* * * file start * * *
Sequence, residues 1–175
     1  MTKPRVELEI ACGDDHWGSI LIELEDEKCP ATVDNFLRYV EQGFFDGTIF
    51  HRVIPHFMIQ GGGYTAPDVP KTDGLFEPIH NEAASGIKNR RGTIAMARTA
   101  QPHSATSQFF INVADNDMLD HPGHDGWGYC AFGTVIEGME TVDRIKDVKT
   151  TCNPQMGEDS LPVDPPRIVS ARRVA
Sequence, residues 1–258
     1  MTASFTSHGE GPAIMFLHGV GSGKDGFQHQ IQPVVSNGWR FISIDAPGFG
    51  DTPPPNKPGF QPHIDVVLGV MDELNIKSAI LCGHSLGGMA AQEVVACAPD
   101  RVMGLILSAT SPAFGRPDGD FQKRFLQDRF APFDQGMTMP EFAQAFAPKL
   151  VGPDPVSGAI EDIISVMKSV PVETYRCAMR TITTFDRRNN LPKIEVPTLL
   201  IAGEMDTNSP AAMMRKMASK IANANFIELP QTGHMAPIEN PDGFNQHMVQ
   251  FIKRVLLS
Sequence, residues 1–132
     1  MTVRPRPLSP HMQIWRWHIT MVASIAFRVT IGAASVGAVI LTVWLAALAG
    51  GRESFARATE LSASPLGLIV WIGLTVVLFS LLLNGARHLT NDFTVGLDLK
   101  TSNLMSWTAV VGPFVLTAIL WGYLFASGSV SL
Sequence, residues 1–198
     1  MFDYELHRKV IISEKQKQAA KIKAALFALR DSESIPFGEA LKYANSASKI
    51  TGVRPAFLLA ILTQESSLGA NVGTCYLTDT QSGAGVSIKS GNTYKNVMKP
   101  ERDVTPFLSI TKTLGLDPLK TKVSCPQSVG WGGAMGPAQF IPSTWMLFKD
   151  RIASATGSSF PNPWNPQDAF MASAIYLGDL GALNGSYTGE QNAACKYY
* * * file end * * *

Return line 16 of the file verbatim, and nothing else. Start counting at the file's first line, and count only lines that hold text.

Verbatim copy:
   101  TSNLMSWTAV VGPFVLTAIL WGYLFASGSV SL